You can inspect elements, see how a property control is structured and built up with HTML, what is the CSS class of a visualization or even debug a JavaScript you’ve inserted into a Text Area using the console. The possibilities are endless, you’ll have full visibility into the underlying HTML/JavaScript/CSS code without the lengthier process of doing the same by publishing it to Web Player opening the developer tools there (especially if your report loads linked data or if you don’t have Web Player access, ie working offline).

This, combined with the fact that even the desktop client renders everything as a single page as it would in the Web Player (as opposed to have a browser engine for each visualization and Text Area like in earlier versions) allows to do wilder things which will work in both platforms. An example: you are not happy with the way a List Box document property control highlights the selected item? Change it. You wish to add a new icon to the corner of the title bar of a chart to trigger a JavaScript to do things like a popup with some description. That I haven’t tried yet, but I’m pretty sure it can be done, all you need is a single Text Area in any page of the report, not just the one you want to play around with.

A practical example

Here is an example what I’ve tried out already:

spotfire_custom_formatting_listbox

This is a List Box property control and my goal was to center align the text of the item which is selected. To do this, I’ve added a JavaScript to my Text Area where this document property control is located with the following code:

spotfire_custom_formatting_listbox_code

This code will append a new style tag to the head of the HTML document with a specific ID. This ID is there to check if that tag has been added before, because this JavaScript code might get triggered more than once during the session of the report and you wouldn’t want to contaminate the head with duplicated tags. Once the tag is added you can start adding your own CSS formatting. In this example I’m picking up the .ListItems of my List Box which I tagged as #yearList (see screenshot above) and narrow the list further to the ones with the class .sfpc-selected which will return with only the selected item. Both .ListItems and .sfpc-selected are Spotfire’s own CSS class and I used the Developer Tools to find out their exact name.

Since this CSS is now in the head, and will load after Spotfire’s own CSS stylesheet, it will overwrite the original with whatever you define. If I were to leave out the #yearList then the formatting would apply to all List Box property controls, even the ones on other pages. All that matters is to have a Text Area with this JavaScript code on the landing page where the user arrives when the report is opened (so be extra careful if you have bookmarks, configuration block to open the report with a different page or ‘Remember personalized view’ enabled).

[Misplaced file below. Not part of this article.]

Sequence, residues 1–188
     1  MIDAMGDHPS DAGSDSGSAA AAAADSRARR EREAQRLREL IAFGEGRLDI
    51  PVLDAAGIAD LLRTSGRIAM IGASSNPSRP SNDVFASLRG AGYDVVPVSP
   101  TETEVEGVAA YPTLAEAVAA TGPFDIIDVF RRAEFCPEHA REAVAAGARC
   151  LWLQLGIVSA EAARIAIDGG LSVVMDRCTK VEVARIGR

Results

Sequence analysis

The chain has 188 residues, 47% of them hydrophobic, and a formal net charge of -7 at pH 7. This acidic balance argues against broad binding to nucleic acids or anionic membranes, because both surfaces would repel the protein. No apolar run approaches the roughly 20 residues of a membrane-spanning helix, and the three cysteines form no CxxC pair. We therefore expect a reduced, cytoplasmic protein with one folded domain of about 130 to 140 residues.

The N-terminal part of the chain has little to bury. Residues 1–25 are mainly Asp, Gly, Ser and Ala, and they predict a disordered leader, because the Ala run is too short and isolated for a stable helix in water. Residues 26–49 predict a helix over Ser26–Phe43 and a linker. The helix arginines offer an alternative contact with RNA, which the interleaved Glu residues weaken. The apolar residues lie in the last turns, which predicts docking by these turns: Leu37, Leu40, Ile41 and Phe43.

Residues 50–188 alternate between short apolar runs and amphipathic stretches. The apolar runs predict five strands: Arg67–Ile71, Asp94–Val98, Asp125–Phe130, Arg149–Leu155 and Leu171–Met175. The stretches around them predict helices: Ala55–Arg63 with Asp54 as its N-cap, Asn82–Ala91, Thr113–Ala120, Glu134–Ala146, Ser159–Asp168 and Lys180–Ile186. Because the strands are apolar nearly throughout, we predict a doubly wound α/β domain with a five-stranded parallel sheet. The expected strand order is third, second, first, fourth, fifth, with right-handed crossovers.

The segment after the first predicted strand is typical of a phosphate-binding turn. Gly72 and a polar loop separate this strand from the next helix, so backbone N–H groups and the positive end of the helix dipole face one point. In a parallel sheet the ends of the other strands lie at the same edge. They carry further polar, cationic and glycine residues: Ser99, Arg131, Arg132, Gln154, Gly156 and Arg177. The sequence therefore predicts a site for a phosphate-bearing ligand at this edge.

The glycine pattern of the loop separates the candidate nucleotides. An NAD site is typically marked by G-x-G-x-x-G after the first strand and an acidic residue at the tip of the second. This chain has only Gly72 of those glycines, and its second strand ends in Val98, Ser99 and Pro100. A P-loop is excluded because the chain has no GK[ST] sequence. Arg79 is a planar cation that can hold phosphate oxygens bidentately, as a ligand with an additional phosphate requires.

If you messed up the appended style tag, you can easily get rid of it by reloading the browser with the above method.

Check Spotfire’s browser engine version

There are many ways to check which version of Chrome’s open source engine is running. The simplest one is to open the Developer Tools, switch to the console tab and type in:

spotfire_version_info_console

An another way, which works even if you are on an older version of Spotfire and you don’t have this developer tool is to add the following JavaScript to a Text Area:

spotfire_version_info_code

This will show not just the browser’s version but the jQuery and jQuery UI version as well:

spotfire_version_info

This method worked for me even in 4.0 which didn’t have a built in way to edit the HTML code of a Text Area as there was a way to edit it with an IronPython script but luckily you can do it from the GUI now.

That’s it for this post. If you have any ideas what you can use this for let me know in the comments down below.

Norbert Ledenyi

Norbert Ledenyi

Have most of my BI experience with Tibco Spotfire, but interested to learn more about other BI tools and data visualization platforms too. When I'm not building new reports I also quite enjoy getting my hands dirty and muck around with the back-end to understand how things work.
Norbert Ledenyi